When one's only son is mentally-handicapped must have been a destiny in which no man in the world would wish to face. Yet Kenzaburo faced his his own and, and, his son Hikari's unfortunate destiny with a hero's bravery which profoundly affected his writing to win him the Nobel Literature Prize.

1 ( +1 / -0 )

Mr.Kenzaburo was a very wise man and a superior mind,for sure his departure from this world is a great loss for the collectivity.

0 ( +3 / -3 )

A life well lived for a great man, both as a writer and as an activist. I've read some of his works. He will be sorely missed. May he rest in peace. :'(

0 ( +0 / -0 )

One of my treasured memories is when I attended an Oe lecture and had a chance to speak with him, a Japanese who had succeeded in escaping the mental chains of the narrow nationalism he had imbibed as a defenseless child, and who humbly wore his humanity on his sleeve. Oe has now left us, but his books will continue to inspire the best of Japan to make common cause with others to build a better world for Hikari and other children. RIP a Japanese writer who towered above all the mindless kitsch and pulp of modern Japanese pop culture.

Thank you for sharing, that's re-assuring he wasn't a closet nationalist fraud and yes, modern societies a cesspool of selfishness and cowardice with a LARGE dose of dishonesty mixed in for good measure but let's all hope and pray more greats are on the way ASAP!!!

Same. All those words above.

El héroe!

0 ( +0 / -0 )

RIP, condolences to the family

0 ( +0 / -0 )

Looking at how the arts and science in Japan are no longer being supported it can be expected that the rates of Nobel prizes from Japanese people will keep decreasing, which is a loss for the country 

Well, a Nobel prize isnt what it used to be. Its getting up there with the Oscars for irrelevancy.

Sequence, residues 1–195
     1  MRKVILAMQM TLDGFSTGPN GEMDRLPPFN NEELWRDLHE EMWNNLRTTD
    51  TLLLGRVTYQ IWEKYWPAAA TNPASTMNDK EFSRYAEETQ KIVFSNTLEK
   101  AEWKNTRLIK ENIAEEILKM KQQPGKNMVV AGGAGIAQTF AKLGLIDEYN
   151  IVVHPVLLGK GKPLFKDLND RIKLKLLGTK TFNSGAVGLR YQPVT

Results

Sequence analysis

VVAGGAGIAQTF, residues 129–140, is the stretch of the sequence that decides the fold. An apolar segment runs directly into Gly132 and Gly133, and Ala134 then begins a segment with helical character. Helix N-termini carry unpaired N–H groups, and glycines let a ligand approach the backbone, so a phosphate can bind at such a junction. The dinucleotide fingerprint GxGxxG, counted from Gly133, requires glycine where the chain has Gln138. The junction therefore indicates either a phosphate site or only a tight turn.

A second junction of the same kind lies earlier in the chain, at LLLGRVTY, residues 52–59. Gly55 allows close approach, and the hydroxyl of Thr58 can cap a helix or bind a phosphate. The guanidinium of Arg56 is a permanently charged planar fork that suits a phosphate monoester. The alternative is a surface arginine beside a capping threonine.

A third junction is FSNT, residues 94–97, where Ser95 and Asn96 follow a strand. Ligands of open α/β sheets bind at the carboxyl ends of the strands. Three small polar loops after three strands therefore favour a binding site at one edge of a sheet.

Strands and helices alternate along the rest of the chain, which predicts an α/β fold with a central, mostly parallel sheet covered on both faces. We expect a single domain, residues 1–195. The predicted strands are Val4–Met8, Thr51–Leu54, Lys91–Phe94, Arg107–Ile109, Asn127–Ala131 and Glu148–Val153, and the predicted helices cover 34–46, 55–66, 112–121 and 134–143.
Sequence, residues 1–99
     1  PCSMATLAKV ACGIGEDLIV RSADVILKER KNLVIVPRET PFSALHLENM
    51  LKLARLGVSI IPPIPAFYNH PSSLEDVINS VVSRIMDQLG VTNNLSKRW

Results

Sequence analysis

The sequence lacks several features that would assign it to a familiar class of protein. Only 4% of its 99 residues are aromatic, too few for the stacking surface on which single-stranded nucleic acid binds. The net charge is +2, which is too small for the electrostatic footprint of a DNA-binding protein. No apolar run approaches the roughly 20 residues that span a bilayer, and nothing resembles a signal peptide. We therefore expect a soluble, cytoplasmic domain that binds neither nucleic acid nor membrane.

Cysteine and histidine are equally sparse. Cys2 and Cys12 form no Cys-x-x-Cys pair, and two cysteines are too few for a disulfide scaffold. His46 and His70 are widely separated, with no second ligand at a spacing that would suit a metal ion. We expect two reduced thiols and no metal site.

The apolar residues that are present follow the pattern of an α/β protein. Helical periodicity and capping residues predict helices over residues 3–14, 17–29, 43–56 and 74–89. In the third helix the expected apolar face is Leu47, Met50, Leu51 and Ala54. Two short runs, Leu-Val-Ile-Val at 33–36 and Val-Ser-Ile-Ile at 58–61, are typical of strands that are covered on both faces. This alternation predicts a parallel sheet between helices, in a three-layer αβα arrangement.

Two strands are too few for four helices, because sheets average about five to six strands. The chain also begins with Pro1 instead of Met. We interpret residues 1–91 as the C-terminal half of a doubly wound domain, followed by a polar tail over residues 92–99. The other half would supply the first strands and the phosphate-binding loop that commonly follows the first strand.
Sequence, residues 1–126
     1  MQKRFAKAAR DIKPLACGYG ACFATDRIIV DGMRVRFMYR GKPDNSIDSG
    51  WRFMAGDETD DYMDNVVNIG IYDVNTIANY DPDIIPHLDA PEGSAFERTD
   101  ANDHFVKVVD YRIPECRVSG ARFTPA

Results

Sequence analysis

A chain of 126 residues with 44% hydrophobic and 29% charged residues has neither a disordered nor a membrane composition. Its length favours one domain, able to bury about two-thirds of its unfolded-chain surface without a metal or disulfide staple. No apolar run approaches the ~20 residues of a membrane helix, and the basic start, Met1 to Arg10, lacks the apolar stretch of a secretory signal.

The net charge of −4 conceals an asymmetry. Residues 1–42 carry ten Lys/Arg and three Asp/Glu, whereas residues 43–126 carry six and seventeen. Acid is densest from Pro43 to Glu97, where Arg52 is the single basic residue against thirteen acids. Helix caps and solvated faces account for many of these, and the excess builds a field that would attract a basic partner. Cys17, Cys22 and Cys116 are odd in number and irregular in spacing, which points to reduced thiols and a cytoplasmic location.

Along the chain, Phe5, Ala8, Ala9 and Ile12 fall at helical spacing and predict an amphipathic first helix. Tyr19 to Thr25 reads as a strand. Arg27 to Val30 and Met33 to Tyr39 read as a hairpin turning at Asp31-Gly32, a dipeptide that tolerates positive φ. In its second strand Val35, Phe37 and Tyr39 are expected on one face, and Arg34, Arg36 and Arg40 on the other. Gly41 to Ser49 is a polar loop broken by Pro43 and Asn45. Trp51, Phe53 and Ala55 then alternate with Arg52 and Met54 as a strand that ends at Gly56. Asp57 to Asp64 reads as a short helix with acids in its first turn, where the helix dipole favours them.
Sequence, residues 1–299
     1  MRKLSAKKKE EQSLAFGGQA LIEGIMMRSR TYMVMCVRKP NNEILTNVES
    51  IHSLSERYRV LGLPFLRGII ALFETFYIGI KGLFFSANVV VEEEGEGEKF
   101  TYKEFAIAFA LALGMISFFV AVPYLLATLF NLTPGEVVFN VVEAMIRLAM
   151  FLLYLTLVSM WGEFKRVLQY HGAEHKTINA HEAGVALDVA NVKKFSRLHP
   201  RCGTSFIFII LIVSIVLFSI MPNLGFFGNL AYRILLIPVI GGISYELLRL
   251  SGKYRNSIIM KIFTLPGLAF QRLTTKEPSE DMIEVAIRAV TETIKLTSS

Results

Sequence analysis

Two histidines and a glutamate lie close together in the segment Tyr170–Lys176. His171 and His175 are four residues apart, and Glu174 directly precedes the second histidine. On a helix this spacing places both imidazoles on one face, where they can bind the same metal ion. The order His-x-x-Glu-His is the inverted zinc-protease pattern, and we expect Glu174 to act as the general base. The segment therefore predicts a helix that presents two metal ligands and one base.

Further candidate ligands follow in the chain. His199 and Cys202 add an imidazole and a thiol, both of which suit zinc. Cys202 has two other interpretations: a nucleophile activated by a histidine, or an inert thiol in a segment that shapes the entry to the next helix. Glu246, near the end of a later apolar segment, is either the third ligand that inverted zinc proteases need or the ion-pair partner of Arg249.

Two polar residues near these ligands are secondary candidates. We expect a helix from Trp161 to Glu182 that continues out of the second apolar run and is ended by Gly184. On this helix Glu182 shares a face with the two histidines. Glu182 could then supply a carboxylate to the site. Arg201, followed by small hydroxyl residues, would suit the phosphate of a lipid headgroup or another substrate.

-1 ( +0 / -1 )

Japan bore "some" responsibility for the war, he said in a 2014 interview.

You dont say.

-1 ( +0 / -1 )

Japan bore "some" responsibility for the war, he said in a 2014 interview.

Thats one interesting “peace activist”.

-1 ( +0 / -1 )

He did not bow too the emperor

-2 ( +2 / -4 )

The post is about the passing of a Nobel Peace Laureate. Appreciate what he achieved, which is a great deal, not what he didn't.

Since 1949, there have been 29 Japanese laureates for the Nobel Prize.

Looking at how the arts and science in Japan are no longer being supported it can be expected that the rates of Nobel prizes from Japanese people will keep decreasing, which is a loss for the country but a win for those countries that make the advancement of humanity a real priority.

-3 ( +3 / -6 )

One of my treasured memories is when I attended an Oe lecture and had a chance to speak with him, a Japanese who had succeeded in escaping the mental chains of the narrow nationalism he had imbibed as a defenseless child, and who humbly wore his humanity on his sleeve. Oe has now left us, but his books will continue to inspire the best of Japan to make common cause with others to build a better world for Hikari and other children. RIP a Japanese writer who towered above all the mindless kitsch and pulp of modern Japanese pop culture.

Thank you for sharing, that's re-assuring he wasn't a closet nationalist fraud and yes, modern societies a cesspool of selfishness and cowardice with a LARGE dose of dishonesty mixed in for good measure but let's all hope and pray more greats are on the way ASAP!!!

-8 ( +1 / -9 )

Japan bore "some" responsibility for the war, he said in a 2014 interview.

"Some," eh. And that's the thinking of an outspoken "Pacificist." Makes one wonder how most Japanese view their country's responsibility for the war it instigated. Maybe "none"?

-17 ( +3 / -20 )